|Also called||Zastava 600 |
|Production||18 October 1955–18 November 1985|
|Body and chassis|
|Body style||2-door saloon|
|Layout||Rear engine, rear-wheel drive|
|Transmission||4-Speed Manual gearbox|
|Wheelbase||2,010 mm (79.1 in)|
|Length||3,300 mm (129.9 in)|
|Width||1,390 mm (54.7 in)|
|Height||1,410 mm (55.5 in)|
|Curb weight||640 kg (1,411 lb)|
The Zastava 750 (Застава 750) was a supermini made by the Serbian car maker Zavod Crvena Zastava in Kragujevac. It was a version of the Fiat 600 made under licence from 1962 and was longer in length than the Fiat version. The Zastava 750 has a 767 cc (46.8 cu in) engine, which produces 25 PS (18.4 kW). The more powerful 750 SE has 30 PS (22.1 kW) at 5400 rpm and torque is 38 lb⋅ft (52 N⋅m) at 3600 rpm. It is the smallest car ever made by Zastava. Later on during production, in 1980, the Zastava 850 was introduced. It is nearly identical to the Zastava 750 but the engine had a larger capacity. The Zastava 850 is harder to find than the 750 model but both are still widely available in former Yugoslavia.
Zastava 750 is widely known by its nickname "Fića" (Фићa) or "Fićo" (Фићo) in Serbo-Croatian, by "Fičo" or "Fičko" in Slovene and by "Fikjo" (Фиќо) in Macedonian. The nickname "Fića" comes from the main character of a comic published by the newspaper Borba during the first years of the car's production.
The Yugoslavian-built Zastava 600 was an under Fiat license produced version of the Fiat 600. Production commenced in 1955, and the model was upgraded with a larger engine in september of 1960. It received a Zastava 750 badge in 1962. The 750 retained frontal suicide doors (rear-hinged) until 1969. Later it got bigger front lights, autoadjusting brakes, seatbelts, slightly improved interior and many other small improvements. The later Zastava 850 had many improvements from the original model, but it retained the same 600 body style. The 750 used a 25 hp (30 hp in the 750 SE) 767 cc engine, while the 850 received an 848 cc version providing 32 hp and a useful dollop of extra torque.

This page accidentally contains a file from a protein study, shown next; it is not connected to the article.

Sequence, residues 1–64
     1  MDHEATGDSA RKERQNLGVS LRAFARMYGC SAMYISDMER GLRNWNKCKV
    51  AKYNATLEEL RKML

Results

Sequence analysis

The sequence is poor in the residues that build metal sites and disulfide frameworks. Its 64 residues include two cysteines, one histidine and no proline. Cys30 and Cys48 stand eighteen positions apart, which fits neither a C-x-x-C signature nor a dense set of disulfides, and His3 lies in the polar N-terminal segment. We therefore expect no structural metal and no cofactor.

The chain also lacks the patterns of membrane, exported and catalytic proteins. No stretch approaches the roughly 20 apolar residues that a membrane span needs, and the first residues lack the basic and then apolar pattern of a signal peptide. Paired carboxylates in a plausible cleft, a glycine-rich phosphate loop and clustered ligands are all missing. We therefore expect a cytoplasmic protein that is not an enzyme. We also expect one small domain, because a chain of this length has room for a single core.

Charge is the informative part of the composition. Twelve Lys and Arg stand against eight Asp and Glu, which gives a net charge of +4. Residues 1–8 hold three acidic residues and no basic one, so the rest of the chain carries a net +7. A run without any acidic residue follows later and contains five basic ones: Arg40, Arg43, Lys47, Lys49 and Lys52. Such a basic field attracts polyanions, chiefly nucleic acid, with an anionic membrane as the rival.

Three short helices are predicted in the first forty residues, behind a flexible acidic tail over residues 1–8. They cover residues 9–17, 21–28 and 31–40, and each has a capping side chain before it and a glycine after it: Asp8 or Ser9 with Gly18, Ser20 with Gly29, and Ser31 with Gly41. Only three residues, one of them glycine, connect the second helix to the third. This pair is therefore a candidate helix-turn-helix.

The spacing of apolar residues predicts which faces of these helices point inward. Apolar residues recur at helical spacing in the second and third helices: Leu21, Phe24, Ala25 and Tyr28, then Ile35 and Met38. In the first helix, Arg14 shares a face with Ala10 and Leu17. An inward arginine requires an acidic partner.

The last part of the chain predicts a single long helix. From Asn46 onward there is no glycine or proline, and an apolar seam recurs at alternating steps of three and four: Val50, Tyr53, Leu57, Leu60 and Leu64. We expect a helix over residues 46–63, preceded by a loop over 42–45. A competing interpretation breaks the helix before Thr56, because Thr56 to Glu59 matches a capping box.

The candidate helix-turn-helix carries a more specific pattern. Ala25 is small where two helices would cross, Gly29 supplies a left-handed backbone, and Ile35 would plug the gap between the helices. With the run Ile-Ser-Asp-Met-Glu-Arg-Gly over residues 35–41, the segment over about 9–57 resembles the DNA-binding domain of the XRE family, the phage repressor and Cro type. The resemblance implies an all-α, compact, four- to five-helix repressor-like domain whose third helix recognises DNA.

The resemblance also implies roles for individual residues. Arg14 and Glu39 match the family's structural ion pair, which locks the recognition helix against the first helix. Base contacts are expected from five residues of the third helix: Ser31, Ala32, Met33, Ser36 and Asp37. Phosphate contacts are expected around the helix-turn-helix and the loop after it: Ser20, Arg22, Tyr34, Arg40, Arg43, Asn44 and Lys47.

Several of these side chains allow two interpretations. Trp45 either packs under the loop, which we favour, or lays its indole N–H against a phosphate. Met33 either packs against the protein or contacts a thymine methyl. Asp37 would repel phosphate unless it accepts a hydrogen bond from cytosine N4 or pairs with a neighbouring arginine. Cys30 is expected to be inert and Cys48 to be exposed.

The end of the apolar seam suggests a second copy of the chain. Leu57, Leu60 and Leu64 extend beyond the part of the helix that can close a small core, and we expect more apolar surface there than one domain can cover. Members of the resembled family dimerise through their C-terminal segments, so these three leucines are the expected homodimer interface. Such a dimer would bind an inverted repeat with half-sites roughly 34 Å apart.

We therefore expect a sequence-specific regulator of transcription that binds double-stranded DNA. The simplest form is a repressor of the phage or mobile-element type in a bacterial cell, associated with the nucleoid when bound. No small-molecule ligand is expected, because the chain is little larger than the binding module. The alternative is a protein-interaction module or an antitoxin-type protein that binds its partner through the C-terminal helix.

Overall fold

Production of the Zastava 750 began on 18 October 1955 and ended on 18 November 1985. The car's popularity has started increasing in the last years, partly from the low fuel consumption and very cheap price as a second hand vehicle. Also it starting to become a symbol for nostalgia, and many youngsters that need cheap utilitarian vehicle with a bohemian status symbol are buying this car as a second hand vehicle. Because of that prices have risen in the last couple of years and many fan clubs have emerged.
The Zastava 750 was also assembled in Colombia - next to a variety of American Jeeps as well as other Fiat models - by Leonidas Lara (C.C.A.) in Bogotá. It was sold in Colombia as the "Fiat 750Z", from 1977 until 1984. The 750Z was built in comparatively large numbers for the first three years, after which production slowed down considerably. This was due to CCA becoming Mazda's local subsidiary, favoring production of the more profitable Japanese cars.
- "1979 Zastava 750 Specs". CarQueryAPI. Retrieved 2013-10-29.
- A. J. Jacobs, Automotive FDI in Emerging Europe, page 297
- First passenger car - Zastava 750 "Fića", yugoslavian.blogspot.com.au, Retrieved 11 January 2018
- Munar Guerrero, Laura Cristina; Quiroga Porras, Johana Patricia; Peña Mayorga, Manuel Fernando (2012-10-09), Análisis estratégico del sector automotriz en Colombia [A strategic analysis of Colombia's automotive sector] (PDF) (in Spanish), Bogotá, Colombia: Universidad del Rosario, p. 10
- "Historia del Zastava 750: El "Topolino" Criollo" [History of the Zastava 750: the home-grown Topolino]. El Tiempo: Motor (in Spanish). Colombia. 2014-12-19.
Zastava, road car timeline, 1955–2008
|Large family car||1300/1500|
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